• Keep up healthy habits. Don’t let the holidays become a free-for-all. Overindulgence only adds to stress and guilt. Have a healthy snack before parties so you don’t go overboard on treats, appetizers, or drinks. Get plenty of sleep and incorporate regular physical activity into each day.
  • Stick to a budget. Before shopping for gifts or food, decide how much money you can afford to spend. Then don’t overspend.
  • Learn to say “no.” Saying yes when you should say no could leave you feeling resentful and overwhelmed. Friends and colleagues will understand if you can’t participate in every project or activity. If your boss asks you to work overtime and it’s not possible to decline, try to remove something else from your agenda to make up for the lost time.
  • Acknowledge your feelings. If you’re grieving the loss of someone or you can’t be with loved ones for other reasons, realize it’s normal to feel sadness. It’s OK to take time to cry or express your feelings. You can’t force yourself to be happy just because it’s the holiday season.

If the stress gets to be too much, employee assistance programs at work may provide access to confidential, no-cost counseling services and resources (check with your human resources department for access). The Department of Consumer Affairs’ Board of Psychology and Board of Behavioral Sciences offer links to mental health resources as well. In addition, our Board of Pharmacy offers fact sheets and publications to help ensure your good times or travel plans are not affected by minor illnesses.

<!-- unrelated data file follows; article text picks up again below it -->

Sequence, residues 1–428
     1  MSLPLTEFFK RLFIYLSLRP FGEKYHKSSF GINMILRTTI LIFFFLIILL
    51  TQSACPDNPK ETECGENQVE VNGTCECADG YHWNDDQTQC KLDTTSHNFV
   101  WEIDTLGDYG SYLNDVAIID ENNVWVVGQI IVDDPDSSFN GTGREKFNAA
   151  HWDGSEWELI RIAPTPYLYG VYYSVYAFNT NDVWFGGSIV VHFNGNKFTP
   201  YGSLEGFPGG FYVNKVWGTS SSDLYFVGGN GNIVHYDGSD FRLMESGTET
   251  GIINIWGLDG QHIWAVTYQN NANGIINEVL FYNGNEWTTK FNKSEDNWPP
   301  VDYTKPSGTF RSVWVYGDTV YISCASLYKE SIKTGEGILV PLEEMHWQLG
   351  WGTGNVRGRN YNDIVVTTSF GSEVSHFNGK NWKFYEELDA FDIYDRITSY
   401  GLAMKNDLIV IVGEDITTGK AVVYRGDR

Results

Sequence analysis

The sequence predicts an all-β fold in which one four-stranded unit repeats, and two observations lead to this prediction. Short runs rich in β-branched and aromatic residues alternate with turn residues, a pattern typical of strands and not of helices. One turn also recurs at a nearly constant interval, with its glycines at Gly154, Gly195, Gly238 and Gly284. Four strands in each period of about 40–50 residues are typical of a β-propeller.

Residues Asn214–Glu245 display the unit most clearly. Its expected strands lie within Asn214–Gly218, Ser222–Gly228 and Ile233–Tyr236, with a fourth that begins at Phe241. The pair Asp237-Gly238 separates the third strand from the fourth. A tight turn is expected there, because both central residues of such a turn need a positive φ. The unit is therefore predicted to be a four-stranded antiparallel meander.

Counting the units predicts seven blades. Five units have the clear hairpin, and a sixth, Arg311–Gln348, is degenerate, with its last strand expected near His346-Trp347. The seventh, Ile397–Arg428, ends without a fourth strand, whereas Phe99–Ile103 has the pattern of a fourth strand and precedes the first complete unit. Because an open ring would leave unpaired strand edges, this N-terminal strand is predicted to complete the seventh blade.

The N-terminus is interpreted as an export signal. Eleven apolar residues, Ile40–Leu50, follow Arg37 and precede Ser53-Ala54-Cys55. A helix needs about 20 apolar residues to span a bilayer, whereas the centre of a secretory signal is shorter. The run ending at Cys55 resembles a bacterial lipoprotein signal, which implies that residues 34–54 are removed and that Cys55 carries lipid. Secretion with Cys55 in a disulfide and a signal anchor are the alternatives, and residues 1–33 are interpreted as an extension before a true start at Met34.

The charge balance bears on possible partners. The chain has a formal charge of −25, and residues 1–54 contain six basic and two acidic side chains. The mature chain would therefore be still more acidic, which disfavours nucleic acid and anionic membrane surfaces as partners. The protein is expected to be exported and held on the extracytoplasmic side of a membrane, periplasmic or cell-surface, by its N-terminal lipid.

Visit for more information.

Board of Behavioral Sciences produces videos to explain exam restructure

The license examination process for the Board of Behavioral Sciences (Board) will be changing effective January 1, 2016. New exams will be implemented for all Licensed Clinical Social Worker and Licensed Marriage Family Therapist candidates, and registrants will be mandated to take a California Law and Ethics Exam.

The Board has created instructional videos to show how the exam restructure may impact you, if you are a non-registrant, registrant or subsequent registrant.

Click below to view the videos and visit the examination news section of the Board’s website for more information.




Subsequent Registrant

Stress Less During the Holidays

shutterstock_65364775The many joys of the holiday season—giving (and receiving) gifts, cheery decorations and sharing time with those you care about—always come with some level of stress. For some, loads of added stress.

There are worries over busting your spending budget at the mall; traveling itineraries, possibly with costly air travel involved; or perhaps hosting a holiday gathering with a house full of relatives who don’t always get along.

Several things can help you cope with stress during the holidays:

  • Temper expectations. Forget about the perfect gift, the perfect meal, the perfect celebration, the perfect family. Accept imperfections—yours and those of others.
  • Take care of yourself. Pay attention to your needs and feelings. Participate in activities that you enjoy and find relaxing. Be mindful of your diet, exercise (spending time outdoors when weather permits), and get plenty of sleep.
  • Stick to a budget. Decide how much you can afford to spend on gifts, and stay with it. Running up charge cards can trigger feelings of guilt later.
  • Make connections. Visit friends. Accept support from those who care about you.
  • Find healthy ways to manage stress.
  • Don’t automatically participate in family traditions or activities if they are particularly stressful solely because that’s just what you have always done—consider alternatives.

If you feel overwhelmed by stress, you may want to talk to a psychologist or other mental health professional. Here are some resources: